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£660 bill for man’s angry outburst over wrongly delivered Indian meal

PUBLISHED: 15:16 03 October 2018 | UPDATED: 15:24 03 October 2018

Suffolk Magistrates' Court, in Ipswich  Picture: ARCHANT

Suffolk Magistrates' Court, in Ipswich Picture: ARCHANT

A Suffolk man has apologised for his reaction to a takeaway food mix-up, which prompted him to call 999 after an Indian meal was wrongly delivered to his address.

Paul Wolfe, 69, of Exning Road, Newmarket, admitted making an offensive phone call and causing takeaway owner Aktar Hussain to be fear of unlawful violence with his behaviour on September 1.

Opening the “unusual case” at Suffolk Magistrates’ Court, prosecutor Ian Devine said Wolfe was at the pub when his wife called with news of an unexpected food delivery, which she paid for, believing he ordered the £30 meal.

Wolfe incorrectly blamed the Lime Takeaway and went to demand a refund, said Mr Devine.

“He wasn’t particularly polite and said ‘if you don’t give me my money back, I’ll come back and drive through your window.

“He was on the phone to police for a period of the confrontation.

“I’m not sure what the police could do about a misdirected meal and it’s not clear what he said, but he was extremely unhappy.

“Although told it was nothing to do with the police, they ultimately got involved.

“He phoned other restaurants to find out which one made the error.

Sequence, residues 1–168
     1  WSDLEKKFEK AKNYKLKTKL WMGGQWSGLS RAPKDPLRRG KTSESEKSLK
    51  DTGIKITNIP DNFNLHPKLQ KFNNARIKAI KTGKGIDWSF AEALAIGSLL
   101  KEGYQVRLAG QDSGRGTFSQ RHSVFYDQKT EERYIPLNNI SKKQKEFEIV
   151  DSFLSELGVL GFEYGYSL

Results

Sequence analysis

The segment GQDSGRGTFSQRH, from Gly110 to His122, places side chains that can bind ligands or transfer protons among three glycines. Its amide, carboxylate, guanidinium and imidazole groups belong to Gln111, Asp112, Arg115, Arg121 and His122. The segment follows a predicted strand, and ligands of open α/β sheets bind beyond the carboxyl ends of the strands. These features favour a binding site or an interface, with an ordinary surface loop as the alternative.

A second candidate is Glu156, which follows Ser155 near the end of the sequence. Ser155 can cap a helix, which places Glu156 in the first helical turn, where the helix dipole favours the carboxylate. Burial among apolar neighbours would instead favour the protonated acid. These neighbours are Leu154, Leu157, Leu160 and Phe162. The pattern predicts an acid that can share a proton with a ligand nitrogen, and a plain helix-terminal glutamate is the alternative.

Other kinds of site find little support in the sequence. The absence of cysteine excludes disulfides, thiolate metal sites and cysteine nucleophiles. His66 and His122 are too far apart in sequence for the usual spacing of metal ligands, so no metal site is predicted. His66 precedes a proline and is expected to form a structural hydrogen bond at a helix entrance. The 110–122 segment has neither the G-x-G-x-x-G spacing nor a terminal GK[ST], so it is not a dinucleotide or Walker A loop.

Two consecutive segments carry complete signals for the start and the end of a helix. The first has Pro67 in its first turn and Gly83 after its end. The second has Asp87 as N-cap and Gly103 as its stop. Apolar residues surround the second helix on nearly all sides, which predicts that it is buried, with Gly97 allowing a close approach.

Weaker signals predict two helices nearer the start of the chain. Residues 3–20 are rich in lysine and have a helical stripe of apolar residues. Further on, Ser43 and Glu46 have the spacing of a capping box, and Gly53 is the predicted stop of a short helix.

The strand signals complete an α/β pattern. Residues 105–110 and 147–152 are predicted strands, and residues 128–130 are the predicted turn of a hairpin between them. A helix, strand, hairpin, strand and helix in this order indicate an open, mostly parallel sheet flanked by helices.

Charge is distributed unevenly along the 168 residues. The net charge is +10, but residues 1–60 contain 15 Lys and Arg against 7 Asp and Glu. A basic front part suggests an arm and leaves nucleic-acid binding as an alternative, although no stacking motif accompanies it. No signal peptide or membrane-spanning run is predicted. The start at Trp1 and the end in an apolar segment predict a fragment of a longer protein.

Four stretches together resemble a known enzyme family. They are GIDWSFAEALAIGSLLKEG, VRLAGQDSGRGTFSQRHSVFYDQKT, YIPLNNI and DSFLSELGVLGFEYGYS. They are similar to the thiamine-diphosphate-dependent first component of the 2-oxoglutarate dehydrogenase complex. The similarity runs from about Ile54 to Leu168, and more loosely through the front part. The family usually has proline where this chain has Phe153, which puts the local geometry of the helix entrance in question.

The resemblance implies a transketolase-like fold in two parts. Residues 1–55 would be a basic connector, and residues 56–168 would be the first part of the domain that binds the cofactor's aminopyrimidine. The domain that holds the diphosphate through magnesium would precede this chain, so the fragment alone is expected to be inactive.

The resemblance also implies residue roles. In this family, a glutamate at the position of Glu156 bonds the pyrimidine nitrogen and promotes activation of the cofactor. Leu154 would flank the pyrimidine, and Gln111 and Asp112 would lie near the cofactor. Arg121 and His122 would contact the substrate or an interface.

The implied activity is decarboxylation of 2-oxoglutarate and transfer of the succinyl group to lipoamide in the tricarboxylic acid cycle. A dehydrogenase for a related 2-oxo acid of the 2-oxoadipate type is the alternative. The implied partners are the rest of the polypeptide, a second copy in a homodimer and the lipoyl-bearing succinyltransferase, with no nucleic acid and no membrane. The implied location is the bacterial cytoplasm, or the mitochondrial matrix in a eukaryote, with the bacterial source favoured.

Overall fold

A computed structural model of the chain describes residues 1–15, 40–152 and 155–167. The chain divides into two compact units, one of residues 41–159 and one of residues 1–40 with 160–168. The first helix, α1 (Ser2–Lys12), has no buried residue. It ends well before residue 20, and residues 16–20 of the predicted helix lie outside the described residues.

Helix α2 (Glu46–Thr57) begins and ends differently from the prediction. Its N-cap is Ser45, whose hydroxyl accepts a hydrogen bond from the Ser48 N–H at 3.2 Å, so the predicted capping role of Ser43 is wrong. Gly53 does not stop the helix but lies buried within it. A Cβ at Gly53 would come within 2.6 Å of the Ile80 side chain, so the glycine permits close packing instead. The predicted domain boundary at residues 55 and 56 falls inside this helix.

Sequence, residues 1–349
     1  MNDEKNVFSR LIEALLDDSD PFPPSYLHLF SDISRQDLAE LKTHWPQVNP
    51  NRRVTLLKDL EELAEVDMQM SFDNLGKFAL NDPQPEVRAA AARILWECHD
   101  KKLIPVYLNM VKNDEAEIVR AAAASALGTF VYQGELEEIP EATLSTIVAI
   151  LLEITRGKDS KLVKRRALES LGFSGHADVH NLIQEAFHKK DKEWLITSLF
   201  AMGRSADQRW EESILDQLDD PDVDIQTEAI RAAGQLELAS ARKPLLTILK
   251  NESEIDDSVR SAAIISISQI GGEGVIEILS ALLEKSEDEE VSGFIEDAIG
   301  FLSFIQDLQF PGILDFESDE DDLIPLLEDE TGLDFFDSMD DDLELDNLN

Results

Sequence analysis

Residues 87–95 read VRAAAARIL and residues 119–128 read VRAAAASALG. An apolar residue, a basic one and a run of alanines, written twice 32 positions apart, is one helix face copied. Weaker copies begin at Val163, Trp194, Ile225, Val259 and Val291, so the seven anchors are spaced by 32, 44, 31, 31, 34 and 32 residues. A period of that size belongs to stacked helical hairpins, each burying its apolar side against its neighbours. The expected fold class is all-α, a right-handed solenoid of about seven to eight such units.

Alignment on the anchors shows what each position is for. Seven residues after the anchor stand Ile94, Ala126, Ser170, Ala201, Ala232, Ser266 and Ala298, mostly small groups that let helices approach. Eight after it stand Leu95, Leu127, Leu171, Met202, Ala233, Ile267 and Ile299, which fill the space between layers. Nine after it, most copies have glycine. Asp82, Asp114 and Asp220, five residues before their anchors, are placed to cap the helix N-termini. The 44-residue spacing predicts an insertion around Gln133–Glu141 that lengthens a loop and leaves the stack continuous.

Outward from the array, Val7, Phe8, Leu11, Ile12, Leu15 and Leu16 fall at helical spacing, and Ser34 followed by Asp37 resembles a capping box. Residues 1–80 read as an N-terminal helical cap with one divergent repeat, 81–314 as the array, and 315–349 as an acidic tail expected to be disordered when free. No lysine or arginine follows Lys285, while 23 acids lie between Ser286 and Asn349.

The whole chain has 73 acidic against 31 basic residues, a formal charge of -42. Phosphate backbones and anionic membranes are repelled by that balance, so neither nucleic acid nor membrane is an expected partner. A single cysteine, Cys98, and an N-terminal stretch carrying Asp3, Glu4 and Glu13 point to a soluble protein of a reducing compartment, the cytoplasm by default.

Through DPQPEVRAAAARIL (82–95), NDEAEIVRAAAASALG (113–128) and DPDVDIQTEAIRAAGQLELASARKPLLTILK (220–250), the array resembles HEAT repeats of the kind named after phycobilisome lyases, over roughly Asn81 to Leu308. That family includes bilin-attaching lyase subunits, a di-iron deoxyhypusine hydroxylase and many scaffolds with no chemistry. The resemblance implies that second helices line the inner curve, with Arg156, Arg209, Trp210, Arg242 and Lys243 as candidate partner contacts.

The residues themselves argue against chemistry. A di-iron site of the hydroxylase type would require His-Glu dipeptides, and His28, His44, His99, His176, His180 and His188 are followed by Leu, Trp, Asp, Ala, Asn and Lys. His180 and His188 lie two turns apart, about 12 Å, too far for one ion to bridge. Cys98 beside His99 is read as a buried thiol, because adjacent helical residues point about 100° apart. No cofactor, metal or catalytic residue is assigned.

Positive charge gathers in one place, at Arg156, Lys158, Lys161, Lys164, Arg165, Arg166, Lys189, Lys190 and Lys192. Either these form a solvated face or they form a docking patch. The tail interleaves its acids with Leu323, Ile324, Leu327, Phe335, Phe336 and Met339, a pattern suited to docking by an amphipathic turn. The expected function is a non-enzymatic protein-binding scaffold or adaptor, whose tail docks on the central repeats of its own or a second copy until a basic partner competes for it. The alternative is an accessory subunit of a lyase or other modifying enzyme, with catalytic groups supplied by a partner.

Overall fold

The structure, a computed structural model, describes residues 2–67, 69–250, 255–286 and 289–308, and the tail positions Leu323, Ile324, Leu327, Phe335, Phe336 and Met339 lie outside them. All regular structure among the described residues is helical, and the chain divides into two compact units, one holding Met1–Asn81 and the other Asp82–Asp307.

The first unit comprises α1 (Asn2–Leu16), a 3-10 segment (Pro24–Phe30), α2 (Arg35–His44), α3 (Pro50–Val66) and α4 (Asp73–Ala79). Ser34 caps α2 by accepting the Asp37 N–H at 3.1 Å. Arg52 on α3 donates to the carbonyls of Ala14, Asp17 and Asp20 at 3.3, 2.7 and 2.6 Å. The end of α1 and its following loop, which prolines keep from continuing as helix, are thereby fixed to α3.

“No doubt someone else was complaining because they hadn’t received their delivery.”

David Allan, mitigating, said Wolfe had been sent to the pub by his wife, who was feeling unwell and wanted to rest alone at home.

“She called, extremely upset that someone delivered a meal and demanded money,” added Mr Allan, who said Wolfe had spoken to a Lime Takeaway employee who mistakenly – and “dismissively” – told him the restaurant had delivered the meal.

“In light of that, Mr Wolfe took the meal to the restaurant.

“He did not threaten to drive into the window but, when asked why he was calling the police, told Mr Hussain that he was worried about his actions if he didn’t. It was a conditional comment.”

Mr Allan said Wolfe had type two diabetes and had problems with regulating his blood sugar levels, leading to hypertension and problems dealing with certain circumstances, but that he had checked himself into behavioural counselling, adding: “The penny has dropped that these issues need addressing.”

Wolfe, who runs a construction company, was fined £330 for each offence and ordered to pay £50 in compensation. He must also pay £85 in prosecution costs and a £30 fee towards victim services.

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